The fort lies about 14 miles north west of Durant. To get there, take US Hwy 78
north from Durant. Turn west onto OK 199 for about 4 miles, and Fort Washita
will be on a slight rise to the north.
Fort Washita is today an historic site managed by the Oklahoma Historical Society and listed on the National Register. Sitting close to the
Washita River, along the old Texas Road, the Fort is a scenic, contemplative and quiet place where one can really reflect on history. But in
its former use as a frontier outpost, the Fort saw lots of action.

Established in 1842, the fort's main purpose was to protect Chickasaw and Choctaw settlers from the Plains Indians. Being the furthest fort
in the Southwest, Fort Washita anchored growing Indian communities as well as serving as a staging area for the Mexican-American war of
1848. Though the fort generally had a population of about 150 soldiers, during the height of that war over 2,000 troops called it home.

Post-war, the Fort became the seat of the Chickasaw and Choctaw agencies, As 1861 rolled around, however, the Union army abandoned
its post after the Choctaw and Chickasaw nations seceded, and Confederate forces soon took over.

Well, we all know what happened to the Confederates. Fort Washita did not see any major battles as it was a solidly built place, though
there may have been attempts by the Union army (a cannon ball was found in a field near the fort by amateur archaeologists). Nonetheless,
by 1865 the fort was abandoned. As the frontier moved further west, settlers dismantled many of the stone structures. The Chickasaw
leader Charles Colbert bought the fort and lands surrounding it, and his extended family lived in many of the buildings. Their house - the
former West Barrack - burned in 1917, but the family remained (and many members are buried on the grounds). In 1962, the Colberts
deeded the property to the Oklahoma Historical Society, which has done a superb job of preserving it.

Driving out to Fort Washita, you'll see cross timbered prairies and pass semi-ghost towns, relics of Fort Washita's hey-days. The drive is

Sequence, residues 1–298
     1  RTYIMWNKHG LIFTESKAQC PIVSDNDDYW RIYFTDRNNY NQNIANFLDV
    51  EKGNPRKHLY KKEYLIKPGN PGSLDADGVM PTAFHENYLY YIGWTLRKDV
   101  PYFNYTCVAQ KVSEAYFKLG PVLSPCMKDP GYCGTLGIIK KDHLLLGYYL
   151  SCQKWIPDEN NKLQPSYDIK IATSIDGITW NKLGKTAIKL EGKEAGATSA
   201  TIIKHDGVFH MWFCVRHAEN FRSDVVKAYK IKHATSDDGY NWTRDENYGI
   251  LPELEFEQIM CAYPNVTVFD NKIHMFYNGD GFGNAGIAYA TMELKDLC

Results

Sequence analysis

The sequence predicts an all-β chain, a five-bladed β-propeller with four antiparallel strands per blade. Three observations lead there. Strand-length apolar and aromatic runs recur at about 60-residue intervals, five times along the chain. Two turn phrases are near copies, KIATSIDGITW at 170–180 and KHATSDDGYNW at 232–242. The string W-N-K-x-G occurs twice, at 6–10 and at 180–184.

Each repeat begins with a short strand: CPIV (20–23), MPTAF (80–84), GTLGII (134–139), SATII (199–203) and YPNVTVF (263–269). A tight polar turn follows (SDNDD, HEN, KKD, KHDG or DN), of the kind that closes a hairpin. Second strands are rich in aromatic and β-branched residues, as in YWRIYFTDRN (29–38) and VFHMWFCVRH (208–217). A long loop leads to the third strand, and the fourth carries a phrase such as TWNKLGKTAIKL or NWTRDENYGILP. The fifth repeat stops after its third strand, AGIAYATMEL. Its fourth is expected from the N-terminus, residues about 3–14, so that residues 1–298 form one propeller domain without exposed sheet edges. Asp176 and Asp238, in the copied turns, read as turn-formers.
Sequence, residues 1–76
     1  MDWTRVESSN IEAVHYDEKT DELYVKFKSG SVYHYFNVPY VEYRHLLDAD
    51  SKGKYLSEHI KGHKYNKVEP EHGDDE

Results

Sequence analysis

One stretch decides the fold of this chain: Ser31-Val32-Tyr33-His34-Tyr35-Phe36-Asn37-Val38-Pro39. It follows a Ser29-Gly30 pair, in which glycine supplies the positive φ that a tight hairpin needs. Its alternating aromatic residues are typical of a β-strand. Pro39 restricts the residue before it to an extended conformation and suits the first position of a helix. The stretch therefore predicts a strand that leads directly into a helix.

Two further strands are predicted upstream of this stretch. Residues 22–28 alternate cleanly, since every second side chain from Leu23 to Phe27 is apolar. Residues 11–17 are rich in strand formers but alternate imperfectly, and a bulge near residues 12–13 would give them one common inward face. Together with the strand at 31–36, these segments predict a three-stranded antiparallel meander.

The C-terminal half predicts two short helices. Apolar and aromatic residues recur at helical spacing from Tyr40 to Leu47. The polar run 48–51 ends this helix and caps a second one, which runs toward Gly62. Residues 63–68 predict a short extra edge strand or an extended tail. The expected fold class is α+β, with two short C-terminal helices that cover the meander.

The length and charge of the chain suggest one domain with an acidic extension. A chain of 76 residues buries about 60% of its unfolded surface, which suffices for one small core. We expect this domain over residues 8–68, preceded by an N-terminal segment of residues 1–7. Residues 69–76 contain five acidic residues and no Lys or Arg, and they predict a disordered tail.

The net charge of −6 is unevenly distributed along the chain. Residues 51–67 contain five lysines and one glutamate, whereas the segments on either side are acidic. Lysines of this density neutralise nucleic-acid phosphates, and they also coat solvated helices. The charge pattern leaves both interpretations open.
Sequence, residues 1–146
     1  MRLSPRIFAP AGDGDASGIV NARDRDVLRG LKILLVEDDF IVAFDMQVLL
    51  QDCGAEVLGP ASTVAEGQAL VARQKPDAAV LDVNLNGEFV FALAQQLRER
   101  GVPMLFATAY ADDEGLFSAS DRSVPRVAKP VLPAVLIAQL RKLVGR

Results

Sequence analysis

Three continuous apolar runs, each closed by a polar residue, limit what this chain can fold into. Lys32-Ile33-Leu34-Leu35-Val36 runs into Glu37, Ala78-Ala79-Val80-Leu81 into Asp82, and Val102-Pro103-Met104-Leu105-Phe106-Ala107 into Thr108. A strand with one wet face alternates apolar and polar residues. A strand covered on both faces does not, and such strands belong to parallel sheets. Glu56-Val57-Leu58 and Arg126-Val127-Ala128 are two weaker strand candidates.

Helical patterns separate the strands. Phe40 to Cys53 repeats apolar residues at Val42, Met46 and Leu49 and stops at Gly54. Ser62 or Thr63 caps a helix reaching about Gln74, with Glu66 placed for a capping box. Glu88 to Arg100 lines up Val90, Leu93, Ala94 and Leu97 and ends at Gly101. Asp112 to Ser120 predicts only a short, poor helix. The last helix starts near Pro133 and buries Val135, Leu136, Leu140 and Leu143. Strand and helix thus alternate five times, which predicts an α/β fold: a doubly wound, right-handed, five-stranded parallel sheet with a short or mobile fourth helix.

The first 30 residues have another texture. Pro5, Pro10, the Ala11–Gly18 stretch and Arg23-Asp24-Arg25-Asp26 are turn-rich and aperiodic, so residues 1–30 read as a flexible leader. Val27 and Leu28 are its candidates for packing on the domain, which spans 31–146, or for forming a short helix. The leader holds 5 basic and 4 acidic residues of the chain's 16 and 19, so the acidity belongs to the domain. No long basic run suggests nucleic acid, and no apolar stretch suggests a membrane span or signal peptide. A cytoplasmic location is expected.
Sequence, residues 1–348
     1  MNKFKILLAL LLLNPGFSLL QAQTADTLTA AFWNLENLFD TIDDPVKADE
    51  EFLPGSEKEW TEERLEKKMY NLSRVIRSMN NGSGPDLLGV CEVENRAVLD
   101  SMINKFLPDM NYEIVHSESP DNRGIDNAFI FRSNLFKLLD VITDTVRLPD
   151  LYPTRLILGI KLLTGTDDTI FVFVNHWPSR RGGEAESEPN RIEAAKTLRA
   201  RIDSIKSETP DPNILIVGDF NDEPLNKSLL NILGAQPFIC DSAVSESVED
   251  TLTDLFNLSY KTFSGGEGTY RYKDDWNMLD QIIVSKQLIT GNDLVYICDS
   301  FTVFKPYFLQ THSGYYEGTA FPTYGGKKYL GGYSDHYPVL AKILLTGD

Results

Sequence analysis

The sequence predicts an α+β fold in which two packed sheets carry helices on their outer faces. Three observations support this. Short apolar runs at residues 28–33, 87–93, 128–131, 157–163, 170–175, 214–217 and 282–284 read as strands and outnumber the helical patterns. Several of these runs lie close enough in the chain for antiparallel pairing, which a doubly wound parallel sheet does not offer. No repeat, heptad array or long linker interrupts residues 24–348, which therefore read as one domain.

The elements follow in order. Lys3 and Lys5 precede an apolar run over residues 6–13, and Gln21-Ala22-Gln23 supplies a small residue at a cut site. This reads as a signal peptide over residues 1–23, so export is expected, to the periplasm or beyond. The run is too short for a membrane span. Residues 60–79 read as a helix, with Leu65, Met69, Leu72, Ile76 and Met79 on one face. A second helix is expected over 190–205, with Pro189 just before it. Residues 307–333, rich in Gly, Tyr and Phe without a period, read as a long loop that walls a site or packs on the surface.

truly tonic for the soul. Fort Washita has a wonderful interpreter on staff and a small museum and store. So drive on out and witness
Oklahoma history first hand!
Inside the West Barracks ruin
The Military Road (with reconstructed administration building and parade grounds in the background) also served as a pioneer trail, which met
up with the Fort Coffee's Trading Post at Preston,Texas (now under Lake Texoma's waters). The road doubled as the Butterfield-Overland Stage
Coach and Mail route.
Fort Washita: Chickasaw Fortitude
Reader M. Smith shared this news with Red River Historian:

Great website!  You may already know this but the restored military barracks at Ft. Washita, 15 miles East of Madill, OK burned to the
ground thanks to the antics of 3 apparent ne-er-do-wells. Got onto the premises at night, built a fire in one of the fireplaces and it got out of
hand. I live in the 155 year old town of Pauls Valley, OK.

The Fort Washita barracks have been restored! For more information, go to Civil War Album.
FYI: Fort Washita (in fact, the entire area surrounding Fort Washita) is allegedly haunted. Ghosts and spirits have been sighted on many
occasions, even by seasoned park personnel.I even had my own ghostly encounter at
Boggy Depot, a nearby ghost town that was once the
seat of the Chickasaw Nation. To celebrate this spookiness, Fort Washita hosts ghost stories on the weekend before Halloween. Call
580.924.6502 to learn how to participate in this fun event, or visit them
online.
Questions or comments? E-mail me: robin@redriverhistorian.com
The West Barracks scenic ruin once was home to the Colbert family, prominent Chickasaw leaders, but the home burned down in 1917.
In Fort Washita, you can marvel at the old ruts along the "gold road" - an emigrant trail that ran through California that was also used by the
Butterfield Overland Stage Coach.
How to
get
there